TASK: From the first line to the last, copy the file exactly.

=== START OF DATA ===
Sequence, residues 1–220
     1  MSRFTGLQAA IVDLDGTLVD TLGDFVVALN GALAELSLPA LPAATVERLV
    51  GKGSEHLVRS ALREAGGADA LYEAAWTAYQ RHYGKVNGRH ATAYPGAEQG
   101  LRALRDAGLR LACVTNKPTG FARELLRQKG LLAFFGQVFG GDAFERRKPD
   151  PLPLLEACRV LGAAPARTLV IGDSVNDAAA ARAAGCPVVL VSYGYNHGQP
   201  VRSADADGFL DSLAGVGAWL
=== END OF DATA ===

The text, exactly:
Sequence, residues 1–220
     1  MSRFTGLQAA IVDLDGTLVD TLGDFVVALN GALAELSLPA LPAATVERLV
    51  GKGSEHLVRS ALREAGGADA LYEAAWTAYQ RHYGKVNGRH ATAYPGAEQG
   101  LRALRDAGLR LACVTNKPTG FARELLRQKG LLAFFGQVFG GDAFERRKPD
   151  PLPLLEACRV LGAAPARTLV IGDSVNDAAA ARAAGCPVVL VSYGYNHGQP
   201  VRSADADGFL DSLAGVGAWL